Jun 30, 2011
Concert hall acoustics and the effects of continuously dissonant musical compositions definitely have their impact on concert attendance or the lack thereof.
Another frequently discussed factor is the price of admission. As we should know, whatever price is being charged for a classical concert ticket, it does not cover the cost of producing the concert. We have been using the same financial model in the United States for over a century, imported from Europe, in which somewhere between 50% and 80% of concert cost is being subsidized by philanthropic contributions. So if we meet in the middle at 65% being the contributed portion of concert cost, it means that a $50 average ticket price – prior to any senior, student or group discounts – should have realistically been $145 in order for the concert to break even. And we need to quickly note that the break-even ticket price may vary up or down relative to the total annual budget, hall capacity and average attendance.
While an avid sports fan or rock concert attendee might happily pay $200 or more for an event ticket, I don’t think we even need ask how many regular classical music concert attendees would be willing to pay about $150 to listen to a live performance of a Beethoven symphony. We have all been trained to expect the subsidized ticket price. And even that may now be beyond the reach of some patrons on fixed retirement incomes or younger individuals stretched by current recessionary economic conditions.
This begs the question – should ticket prices be lowered? A few professional orchestras are in fact doing this and obtaining improved attendance results. In other instances a single, low very affordable ticket price for every seat has been instituted. There are those who have recommended that tickets to all classical concerts simply be made available free of charge! When one arrives at the door there might be a suggested but not required contribution, as is the practice at some art museums. I have even encountered a ‘pay as you exit’ strategy. If you like the concert, pay for your ticket as you leave. If not – don’t!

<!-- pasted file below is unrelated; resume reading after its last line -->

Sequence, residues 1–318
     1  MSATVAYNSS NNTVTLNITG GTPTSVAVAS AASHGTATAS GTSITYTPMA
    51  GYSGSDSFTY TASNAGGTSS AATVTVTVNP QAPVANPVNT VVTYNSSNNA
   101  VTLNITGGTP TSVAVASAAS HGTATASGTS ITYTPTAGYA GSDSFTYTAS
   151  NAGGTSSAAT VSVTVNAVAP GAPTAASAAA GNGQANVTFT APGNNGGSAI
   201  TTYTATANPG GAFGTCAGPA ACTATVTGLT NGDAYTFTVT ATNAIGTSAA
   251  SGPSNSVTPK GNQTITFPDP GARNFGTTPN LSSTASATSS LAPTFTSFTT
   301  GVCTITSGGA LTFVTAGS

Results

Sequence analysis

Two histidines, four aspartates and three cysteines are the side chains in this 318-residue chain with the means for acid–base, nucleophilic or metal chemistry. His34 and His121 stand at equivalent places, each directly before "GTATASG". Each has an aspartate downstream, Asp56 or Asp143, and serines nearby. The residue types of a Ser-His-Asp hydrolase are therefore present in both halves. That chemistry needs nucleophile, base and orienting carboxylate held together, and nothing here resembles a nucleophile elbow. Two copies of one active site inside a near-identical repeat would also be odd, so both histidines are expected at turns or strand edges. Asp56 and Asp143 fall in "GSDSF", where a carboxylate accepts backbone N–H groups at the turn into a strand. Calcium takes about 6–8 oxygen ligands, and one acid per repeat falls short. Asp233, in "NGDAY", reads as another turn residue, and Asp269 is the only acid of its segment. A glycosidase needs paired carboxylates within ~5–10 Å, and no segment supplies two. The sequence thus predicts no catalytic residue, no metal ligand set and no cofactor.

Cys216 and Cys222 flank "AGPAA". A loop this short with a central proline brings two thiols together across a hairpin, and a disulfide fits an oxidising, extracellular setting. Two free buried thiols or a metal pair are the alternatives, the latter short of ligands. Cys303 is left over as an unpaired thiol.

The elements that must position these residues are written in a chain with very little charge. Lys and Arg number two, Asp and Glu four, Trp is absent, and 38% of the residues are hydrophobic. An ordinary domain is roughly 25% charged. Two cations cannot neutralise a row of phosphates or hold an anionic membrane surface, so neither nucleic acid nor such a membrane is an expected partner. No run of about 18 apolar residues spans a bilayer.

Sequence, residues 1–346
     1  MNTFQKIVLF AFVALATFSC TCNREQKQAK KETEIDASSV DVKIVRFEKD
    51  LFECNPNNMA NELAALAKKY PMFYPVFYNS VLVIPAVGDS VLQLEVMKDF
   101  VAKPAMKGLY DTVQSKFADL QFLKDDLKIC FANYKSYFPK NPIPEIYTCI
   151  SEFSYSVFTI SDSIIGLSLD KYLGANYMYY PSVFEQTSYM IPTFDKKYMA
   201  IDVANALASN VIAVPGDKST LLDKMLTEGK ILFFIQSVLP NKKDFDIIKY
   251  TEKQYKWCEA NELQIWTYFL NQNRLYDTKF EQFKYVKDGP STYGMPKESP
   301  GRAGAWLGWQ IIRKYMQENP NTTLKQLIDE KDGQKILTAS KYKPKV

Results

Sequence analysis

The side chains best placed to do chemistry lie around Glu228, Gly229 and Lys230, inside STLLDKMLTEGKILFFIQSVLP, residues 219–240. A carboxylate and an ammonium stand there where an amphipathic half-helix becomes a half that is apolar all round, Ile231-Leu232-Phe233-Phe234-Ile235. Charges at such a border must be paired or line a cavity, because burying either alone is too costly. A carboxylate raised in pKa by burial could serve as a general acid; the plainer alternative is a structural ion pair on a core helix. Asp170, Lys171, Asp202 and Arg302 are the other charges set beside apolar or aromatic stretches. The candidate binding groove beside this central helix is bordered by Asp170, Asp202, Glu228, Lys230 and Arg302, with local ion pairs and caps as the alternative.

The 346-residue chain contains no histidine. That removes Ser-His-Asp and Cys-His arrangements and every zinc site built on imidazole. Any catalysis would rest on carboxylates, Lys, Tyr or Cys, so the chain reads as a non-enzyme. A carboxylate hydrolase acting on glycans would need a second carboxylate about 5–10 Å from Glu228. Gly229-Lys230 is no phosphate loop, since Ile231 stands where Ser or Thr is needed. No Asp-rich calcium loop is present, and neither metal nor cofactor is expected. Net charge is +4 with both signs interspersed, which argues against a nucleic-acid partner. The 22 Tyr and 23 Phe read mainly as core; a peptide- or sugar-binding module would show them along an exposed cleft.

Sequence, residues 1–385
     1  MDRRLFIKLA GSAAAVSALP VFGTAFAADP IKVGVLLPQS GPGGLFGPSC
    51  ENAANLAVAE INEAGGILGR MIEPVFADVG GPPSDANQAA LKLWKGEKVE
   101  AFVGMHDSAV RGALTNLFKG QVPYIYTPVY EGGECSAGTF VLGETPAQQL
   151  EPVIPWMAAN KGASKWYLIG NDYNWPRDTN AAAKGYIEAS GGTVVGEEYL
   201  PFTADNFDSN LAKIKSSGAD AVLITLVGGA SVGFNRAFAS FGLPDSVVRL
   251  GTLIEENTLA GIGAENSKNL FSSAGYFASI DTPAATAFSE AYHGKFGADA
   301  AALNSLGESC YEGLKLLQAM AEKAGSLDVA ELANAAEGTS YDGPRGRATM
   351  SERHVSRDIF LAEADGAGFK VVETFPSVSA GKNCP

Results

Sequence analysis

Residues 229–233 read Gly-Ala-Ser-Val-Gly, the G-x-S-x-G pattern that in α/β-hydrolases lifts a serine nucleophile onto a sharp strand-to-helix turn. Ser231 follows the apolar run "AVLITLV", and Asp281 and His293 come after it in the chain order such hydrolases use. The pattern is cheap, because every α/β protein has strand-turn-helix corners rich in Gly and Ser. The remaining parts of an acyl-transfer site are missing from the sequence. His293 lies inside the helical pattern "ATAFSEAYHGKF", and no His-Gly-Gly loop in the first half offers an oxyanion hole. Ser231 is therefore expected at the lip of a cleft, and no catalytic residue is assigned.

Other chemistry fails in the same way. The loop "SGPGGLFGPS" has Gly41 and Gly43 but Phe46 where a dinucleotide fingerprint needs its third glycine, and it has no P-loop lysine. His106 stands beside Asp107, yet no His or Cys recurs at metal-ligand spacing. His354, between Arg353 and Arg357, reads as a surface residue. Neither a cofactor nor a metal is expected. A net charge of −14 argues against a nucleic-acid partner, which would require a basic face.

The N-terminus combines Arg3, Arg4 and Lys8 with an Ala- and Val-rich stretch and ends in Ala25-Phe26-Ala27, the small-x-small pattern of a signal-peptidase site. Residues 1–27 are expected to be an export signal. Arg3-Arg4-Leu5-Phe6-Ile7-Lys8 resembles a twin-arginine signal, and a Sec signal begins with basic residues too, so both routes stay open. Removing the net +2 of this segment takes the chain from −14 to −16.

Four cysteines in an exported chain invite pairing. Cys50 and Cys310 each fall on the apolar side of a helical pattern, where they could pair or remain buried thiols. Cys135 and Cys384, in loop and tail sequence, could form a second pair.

These are intriguing ideas, all to some degree based on the proposition that if so little income is to be recouped from classical music concert tickets in the first place, why not simply make classical music concerts a completely philanthropic gift from donors to the community? My guess is that this strategy would have to be balanced against such ingrained beliefs as: “If something is free, it can’t really be worth anything.” and “You don’t get something for nothing.”
In this context, a quote from Penelope McPhee, who formerly oversaw the John S. & James L. Knight Foundation’s Magic of Music (https://bit.ly/jsdru5) initiative, lingers in my mind as a haunting prediction. It still gives me chills to recall it, and it makes me question whether ticket prices have anything whatsoever to do with the decline in classical music concert attendance.
Addressing a group of marketing executives from professional symphony orchestras with budgets ranging from perhaps one million dollars to as much as forty million dollars annually, Ms. McPhee said something like – and I am paraphrasing here: “If nothing changes, in a few years you won’t even be able to give away your product, let alone sell tickets to it.” A sobering thought to say the least, and one which causes this observer to look to yet other reasons why classical concert audiences are declining.